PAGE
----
Seventh- and Eighth-Graders Join the Post-Election Protest Movement
On Tuesday, November 15, a group of Manhattan Country School seventh- and eighth-graders joined the hundreds of New York City high school students participating in the Love Trumps Hate Walkout. Our students had the permission of their parents and were accompanied by several MCS teachers.
The day started with a class discussion about choice, with a focus on the idea that choosing to walkout and choosing to stay were both good choices. There was also discussion about the importance of choosing for oneself and respecting the decisions of others. The students then spend some time talking with Angela Johnson Meadows, MCS’ communication director about how to talk to the media when participating in activism. There was then some small-group time, where students who were participating in the walkout practiced what they might say if interviewed. The students who were staying at school planned an activism project for the morning.
The group participating in the walkout made their exit around 10:30 a.m. They braved the pouring rain, walking through Central Park and down Fifth Avenue to Trump Tower. Unable to approach the front of the building because police cordoned it off, the group went around to the other side of the block, where a crowd of students had gathered. At that point, the organizers decided to march, and there was a surge as the crowd started moving quickly south. Some groups marched for a little while and then stopped to regroup, while others (including the students from MCS) continued to Washington Square Park, chanting loudly along the way. The group spotted MCS alumni from LREI, Beacon, UNIS and Avenues.
There was a brief rally at Washington Square Park, where the organizers talked about the importance of young people’s voices, as well as how to get involved with the issues they were fighting for, including supporting immigrants, stopping Islamophobia, protecting women’s right to choose, and race/class/sexual orientation/gender equity. As the crowd dispersed, our students headed back to MCS for a late lunch and hot apple cider.
The following are some of the students’ reflections from the day:
“I thought marching was really cool. It was my first time protesting. It felt really empowering. It was really cool taking to students from other schools. They were really impressed that we were from middle school and doing this, and we were younger than most of those people there. It was cool because we were all fighting for the same thing. Even though we didn’t know each other we kind of had that connection.”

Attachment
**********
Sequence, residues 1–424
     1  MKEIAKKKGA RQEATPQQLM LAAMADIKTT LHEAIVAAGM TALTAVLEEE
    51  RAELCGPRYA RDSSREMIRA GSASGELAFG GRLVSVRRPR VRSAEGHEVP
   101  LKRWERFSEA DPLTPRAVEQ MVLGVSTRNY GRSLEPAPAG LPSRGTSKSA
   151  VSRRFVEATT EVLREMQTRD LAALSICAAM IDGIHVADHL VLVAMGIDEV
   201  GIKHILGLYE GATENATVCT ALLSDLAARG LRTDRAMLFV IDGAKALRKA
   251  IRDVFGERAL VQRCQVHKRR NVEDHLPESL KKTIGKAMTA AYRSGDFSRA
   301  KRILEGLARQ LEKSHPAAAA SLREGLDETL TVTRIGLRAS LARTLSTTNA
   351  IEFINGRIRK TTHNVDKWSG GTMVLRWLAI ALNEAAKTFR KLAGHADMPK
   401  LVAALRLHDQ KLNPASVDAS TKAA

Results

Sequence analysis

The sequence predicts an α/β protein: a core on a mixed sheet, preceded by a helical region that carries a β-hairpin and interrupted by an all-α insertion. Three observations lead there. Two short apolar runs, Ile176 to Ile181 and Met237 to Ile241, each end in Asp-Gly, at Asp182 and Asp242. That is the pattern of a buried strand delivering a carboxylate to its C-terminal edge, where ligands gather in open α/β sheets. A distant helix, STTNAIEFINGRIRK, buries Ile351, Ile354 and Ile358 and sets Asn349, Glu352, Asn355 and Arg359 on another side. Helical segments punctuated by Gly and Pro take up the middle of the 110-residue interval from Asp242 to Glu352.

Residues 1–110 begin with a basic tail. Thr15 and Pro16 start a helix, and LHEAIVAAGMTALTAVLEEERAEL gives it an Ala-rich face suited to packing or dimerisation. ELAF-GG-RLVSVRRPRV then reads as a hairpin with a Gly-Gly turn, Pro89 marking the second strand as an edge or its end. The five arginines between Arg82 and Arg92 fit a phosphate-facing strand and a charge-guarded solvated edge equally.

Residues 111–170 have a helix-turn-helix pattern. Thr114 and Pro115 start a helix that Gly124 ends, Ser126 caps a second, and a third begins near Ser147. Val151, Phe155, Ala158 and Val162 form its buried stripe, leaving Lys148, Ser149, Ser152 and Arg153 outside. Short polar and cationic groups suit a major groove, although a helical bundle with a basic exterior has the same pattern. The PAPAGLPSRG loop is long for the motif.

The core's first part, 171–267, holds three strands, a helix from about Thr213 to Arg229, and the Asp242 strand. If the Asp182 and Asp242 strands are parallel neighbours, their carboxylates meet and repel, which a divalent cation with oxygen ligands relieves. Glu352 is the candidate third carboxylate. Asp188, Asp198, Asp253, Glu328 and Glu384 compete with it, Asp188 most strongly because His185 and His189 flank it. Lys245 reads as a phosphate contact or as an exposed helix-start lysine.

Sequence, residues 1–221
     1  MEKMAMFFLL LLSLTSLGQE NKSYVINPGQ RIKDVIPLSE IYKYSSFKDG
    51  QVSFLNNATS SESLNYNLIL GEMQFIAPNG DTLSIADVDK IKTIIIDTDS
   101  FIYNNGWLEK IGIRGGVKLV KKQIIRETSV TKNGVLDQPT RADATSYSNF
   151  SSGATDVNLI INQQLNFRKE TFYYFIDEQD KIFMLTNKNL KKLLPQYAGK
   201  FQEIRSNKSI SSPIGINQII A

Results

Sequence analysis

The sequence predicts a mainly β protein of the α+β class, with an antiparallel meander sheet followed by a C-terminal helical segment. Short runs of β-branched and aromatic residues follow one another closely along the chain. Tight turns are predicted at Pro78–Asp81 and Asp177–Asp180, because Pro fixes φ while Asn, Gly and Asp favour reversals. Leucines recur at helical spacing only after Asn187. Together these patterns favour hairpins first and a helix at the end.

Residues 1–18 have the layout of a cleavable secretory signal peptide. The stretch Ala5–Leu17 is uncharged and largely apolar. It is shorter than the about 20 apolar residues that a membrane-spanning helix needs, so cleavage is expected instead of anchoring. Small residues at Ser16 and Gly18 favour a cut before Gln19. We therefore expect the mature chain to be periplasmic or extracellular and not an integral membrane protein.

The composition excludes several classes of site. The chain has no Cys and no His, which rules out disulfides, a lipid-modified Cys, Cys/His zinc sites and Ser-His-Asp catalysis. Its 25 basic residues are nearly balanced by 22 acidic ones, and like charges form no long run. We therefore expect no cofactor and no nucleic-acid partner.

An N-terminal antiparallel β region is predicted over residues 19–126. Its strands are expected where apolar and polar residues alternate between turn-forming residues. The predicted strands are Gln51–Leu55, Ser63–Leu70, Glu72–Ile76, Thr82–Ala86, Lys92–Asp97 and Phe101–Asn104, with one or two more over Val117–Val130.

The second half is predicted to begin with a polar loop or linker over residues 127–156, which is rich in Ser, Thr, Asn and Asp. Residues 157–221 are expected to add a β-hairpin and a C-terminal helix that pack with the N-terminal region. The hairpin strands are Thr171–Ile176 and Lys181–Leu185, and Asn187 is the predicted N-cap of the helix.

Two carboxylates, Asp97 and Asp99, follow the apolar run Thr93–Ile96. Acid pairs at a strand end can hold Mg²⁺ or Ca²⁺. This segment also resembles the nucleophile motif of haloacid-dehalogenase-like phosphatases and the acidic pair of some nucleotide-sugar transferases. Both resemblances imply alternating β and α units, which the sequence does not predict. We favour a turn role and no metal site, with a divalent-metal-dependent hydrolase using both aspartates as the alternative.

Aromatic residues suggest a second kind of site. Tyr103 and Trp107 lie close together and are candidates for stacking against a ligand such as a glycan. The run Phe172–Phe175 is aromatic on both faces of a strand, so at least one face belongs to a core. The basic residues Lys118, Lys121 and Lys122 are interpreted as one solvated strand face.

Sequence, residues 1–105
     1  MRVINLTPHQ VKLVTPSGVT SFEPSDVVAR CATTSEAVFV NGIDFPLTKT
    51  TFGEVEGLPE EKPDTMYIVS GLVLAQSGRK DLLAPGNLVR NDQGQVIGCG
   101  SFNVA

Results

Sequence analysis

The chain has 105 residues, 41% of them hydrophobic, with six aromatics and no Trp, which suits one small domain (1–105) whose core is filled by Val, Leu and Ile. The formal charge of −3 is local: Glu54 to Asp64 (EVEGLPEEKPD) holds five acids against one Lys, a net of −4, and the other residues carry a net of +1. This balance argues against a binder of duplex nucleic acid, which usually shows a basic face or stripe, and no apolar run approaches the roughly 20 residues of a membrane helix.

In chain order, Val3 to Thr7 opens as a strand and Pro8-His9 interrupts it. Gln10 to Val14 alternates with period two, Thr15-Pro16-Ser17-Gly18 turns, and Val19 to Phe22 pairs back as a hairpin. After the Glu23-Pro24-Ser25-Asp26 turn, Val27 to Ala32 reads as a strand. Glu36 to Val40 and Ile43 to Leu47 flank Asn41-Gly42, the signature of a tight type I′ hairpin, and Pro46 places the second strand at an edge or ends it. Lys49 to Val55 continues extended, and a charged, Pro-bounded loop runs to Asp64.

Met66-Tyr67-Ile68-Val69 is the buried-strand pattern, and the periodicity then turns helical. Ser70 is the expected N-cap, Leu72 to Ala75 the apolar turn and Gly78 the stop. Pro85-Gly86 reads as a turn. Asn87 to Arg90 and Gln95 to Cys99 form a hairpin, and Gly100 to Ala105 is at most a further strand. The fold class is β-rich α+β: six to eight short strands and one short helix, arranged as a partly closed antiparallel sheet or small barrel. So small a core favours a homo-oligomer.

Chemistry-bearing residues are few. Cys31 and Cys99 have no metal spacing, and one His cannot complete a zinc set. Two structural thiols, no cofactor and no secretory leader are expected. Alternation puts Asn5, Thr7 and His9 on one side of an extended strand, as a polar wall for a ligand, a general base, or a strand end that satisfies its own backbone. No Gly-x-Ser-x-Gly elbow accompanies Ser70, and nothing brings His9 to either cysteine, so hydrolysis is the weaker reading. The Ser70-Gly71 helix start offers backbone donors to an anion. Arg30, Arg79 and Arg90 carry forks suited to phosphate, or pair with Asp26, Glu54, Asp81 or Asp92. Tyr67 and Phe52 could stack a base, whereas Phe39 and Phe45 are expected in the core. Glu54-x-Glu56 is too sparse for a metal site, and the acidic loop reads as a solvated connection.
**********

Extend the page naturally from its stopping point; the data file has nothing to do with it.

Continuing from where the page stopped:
“It was really cool to be a part of something so big and powerful. It was cool seeing people take a break form their jobs and come to the windows. It was very cool to have that kind of support, not just from youth, but also from adults.”
“It was very fun and very exciting to be with other like-minded individuals and young people who wanted to make a difference in the country. I really felt empowered in those moments.”
In the week before the march, the seventh- and eighth-graders spent time reflecting on their feelings about the presidential election results. The following excerpts illustrate why the students felt so strongly about walking out on Tuesday:
“I’m feeling a little confused about the election. I’m also sad, angry and disappointed…. A lot of people have said to me, ‘Yeah, it’s bad, but you can’t do anything about it so stop complaining.’ My reaction to that is this: No, we can’t really do anything about the fact that Donald Trump will be our president on January 20, 2017. But what we can do is protest against his beliefs and different laws he is trying to pass.”
“I’m am feeling afraid for the people I care about. I am worried and scared for family, friends, even myself…. I’m surprised that there would be so many people who agree with Trump. There are people who don’t care about what Trump will do to undocumented immigrants, women, people of color and trans people.”
“I’m feeling enraged and incredibly disappointed about the results of the election. How could this have happened?! This man…devalues all of the core beliefs that founded this country, mainly being freedom, justice and equality for all, and completely disregards our constitution.”
MCS will continue to talk about the election and provide space for its students to voice their opinions and grow as activists.